GOP Adopts New Anti-Abortion Language
The draft states:
"Faithful to the 'self-evident' truths enshrined in the Declaration of Independence, we assert the sanctity of human life and affirm that the unborn child has a fundamental individual right to life which cannot be infringed," the draft platform declares. "We support a human life amendment to the Constitution and endorse legislation to make clear that the Fourteenth Amendment's protections apply to unborn children."
CNN said the GOP is expected to oppose federally-funded stem cell research, which includes abortion coverage. The draft also pushes for "informed consent" laws, calling for states to enforce mandatory waiting periods before abortions and "health-protective clinic regulation."
Despite, the language being nearly identical to the abortion language adopted in the last two presidential elections, the topic of rape and abortion has received substantial attention following Missouri Rep. Todd Akin's controversial comments on the issue. Akin caused an uproar when he claimed a woman's body could prevent pregnancy in cases of "legitimate rape."
According to NPR, there was very little discussion between the 110-member committee on the issue, seeking to pass a constitutional amendment that gives added rights to the unborn. This would essentially ban abortion, even in cases of rape or incest. Tony Perkins, a delegate from the head of the Family Research Council, explained the party's stance and said the exceptions for rape and incest shouldn't be included in the GOP platform because the issues are too narrow. The document instead chooses to only outline broad government principles.
Reaching a quick decision on the language is a stark change from years prior, when the abortion section often "consumed hours of debate," according to Gov. Bob McDonnel of Virginia. Even with a general consensus, abortion is still expected to be hotly contested when discussing health-related provisions. The LA Times said Mitt Romney and Paul Ryan have taken an opposing stance from the GOP party, refusing to oppose abortion in instances of rape.
The NY Times reported Romney would not be the first presidential candidate to disagree with his party's abortion views. In the 2008 presidential election, GOP candidate John McCain pressed for certain exceptions, as did George W. Bush, whose pro-life policies included exceptions of rape, incest or when the mother's life was threatened.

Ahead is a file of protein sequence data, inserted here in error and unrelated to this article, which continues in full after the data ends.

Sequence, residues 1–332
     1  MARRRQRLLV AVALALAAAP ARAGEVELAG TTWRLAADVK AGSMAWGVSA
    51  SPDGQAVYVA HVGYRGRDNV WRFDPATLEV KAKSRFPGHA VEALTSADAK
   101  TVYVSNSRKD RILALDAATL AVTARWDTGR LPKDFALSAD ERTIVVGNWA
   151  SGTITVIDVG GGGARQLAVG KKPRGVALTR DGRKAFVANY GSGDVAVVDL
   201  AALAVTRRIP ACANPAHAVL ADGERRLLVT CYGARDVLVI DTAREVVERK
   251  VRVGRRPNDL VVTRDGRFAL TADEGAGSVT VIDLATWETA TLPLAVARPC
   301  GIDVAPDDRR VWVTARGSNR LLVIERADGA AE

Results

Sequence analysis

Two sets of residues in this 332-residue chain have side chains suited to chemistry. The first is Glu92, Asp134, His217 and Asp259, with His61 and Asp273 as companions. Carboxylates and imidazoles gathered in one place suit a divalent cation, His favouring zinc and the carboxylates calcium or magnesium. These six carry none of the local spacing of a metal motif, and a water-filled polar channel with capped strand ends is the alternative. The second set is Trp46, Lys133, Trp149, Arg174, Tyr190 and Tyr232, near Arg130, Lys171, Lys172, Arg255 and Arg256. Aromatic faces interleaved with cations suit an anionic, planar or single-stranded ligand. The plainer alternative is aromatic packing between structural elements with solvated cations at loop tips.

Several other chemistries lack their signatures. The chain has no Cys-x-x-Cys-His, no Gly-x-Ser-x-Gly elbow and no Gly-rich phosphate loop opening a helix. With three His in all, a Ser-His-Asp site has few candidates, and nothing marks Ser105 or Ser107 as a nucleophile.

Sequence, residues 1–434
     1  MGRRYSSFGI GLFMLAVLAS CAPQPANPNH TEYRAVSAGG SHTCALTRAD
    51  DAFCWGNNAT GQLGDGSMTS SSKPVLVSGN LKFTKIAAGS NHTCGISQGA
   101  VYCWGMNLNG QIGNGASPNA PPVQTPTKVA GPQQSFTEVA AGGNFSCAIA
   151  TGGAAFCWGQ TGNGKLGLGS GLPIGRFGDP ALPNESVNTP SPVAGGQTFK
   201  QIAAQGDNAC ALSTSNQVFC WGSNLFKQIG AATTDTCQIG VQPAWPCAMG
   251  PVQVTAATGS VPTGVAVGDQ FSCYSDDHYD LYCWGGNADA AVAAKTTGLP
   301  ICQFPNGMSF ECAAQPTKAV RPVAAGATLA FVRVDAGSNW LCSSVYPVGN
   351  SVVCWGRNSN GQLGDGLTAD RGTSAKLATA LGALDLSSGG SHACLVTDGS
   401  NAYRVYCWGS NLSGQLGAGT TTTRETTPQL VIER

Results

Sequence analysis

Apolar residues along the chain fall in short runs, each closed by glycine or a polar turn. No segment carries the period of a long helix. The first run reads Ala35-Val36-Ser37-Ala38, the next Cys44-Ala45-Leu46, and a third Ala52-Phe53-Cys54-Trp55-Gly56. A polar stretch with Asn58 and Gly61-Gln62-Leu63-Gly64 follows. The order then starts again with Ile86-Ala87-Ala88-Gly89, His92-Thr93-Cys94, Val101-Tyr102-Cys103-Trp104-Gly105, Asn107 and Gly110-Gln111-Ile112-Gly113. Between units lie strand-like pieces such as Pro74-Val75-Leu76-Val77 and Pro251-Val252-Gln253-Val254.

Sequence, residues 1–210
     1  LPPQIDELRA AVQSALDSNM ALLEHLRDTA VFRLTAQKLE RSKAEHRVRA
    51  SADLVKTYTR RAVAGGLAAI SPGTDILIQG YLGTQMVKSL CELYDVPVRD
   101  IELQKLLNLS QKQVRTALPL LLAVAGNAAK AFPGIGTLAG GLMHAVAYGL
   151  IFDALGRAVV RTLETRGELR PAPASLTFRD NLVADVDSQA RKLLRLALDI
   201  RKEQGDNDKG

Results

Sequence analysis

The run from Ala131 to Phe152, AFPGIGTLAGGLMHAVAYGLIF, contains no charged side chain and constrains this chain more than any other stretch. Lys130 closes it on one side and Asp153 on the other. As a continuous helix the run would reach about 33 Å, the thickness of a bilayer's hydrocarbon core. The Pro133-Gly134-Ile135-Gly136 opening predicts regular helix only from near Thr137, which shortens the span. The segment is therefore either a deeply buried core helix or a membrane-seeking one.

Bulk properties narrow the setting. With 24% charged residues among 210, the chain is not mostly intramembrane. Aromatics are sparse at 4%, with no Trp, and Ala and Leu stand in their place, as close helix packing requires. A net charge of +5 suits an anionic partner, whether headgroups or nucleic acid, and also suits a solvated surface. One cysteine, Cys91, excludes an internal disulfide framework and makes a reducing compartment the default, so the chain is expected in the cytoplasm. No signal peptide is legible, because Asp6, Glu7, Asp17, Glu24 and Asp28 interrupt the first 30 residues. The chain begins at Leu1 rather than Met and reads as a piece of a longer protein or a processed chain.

Delegates also approved language that seeks to outlaw drugs that end pregnancy post-conception, like RU-486. The document would not, however, ban Plan B, as it is considered a way to disrupt conception, not terminate a pregnancy.
In response, abortion rights advocates spoke out against the platform and shifted responsibility to GOP candidates Romney and Ryan.
From CBS News:
"Today, the Republican Party demonstrated again why Mitt Romney and Paul Ryan are wrong for women in the U.S. The party's committee platform approved an anti-abortion plank that champions a human life amendment to the U.S. Constitution without mentioning any exception for rape, incest or preservation of the health or life of the woman," said NOW president Terry O'Neill, in a statement. "Yet within the past 24 hours Romney-Ryan have indicated support for rape, incest and life of the woman exceptions to abortion restrictions. So, which is it? If in fact these candidates do support such exceptions, they should renounce the party's failure to include them in its 2012 platform."
An Obama campaign official followed suit, calling the issue "important to a number of women and the people in their lives" and a clear point of contrast with Romney and Ryan.
The document must be approved by the entire Platform Committee Tuesday and once more by delegates at next week's Republican National Convention.
Reach Supervising Executive Producer Amanda Martinez here.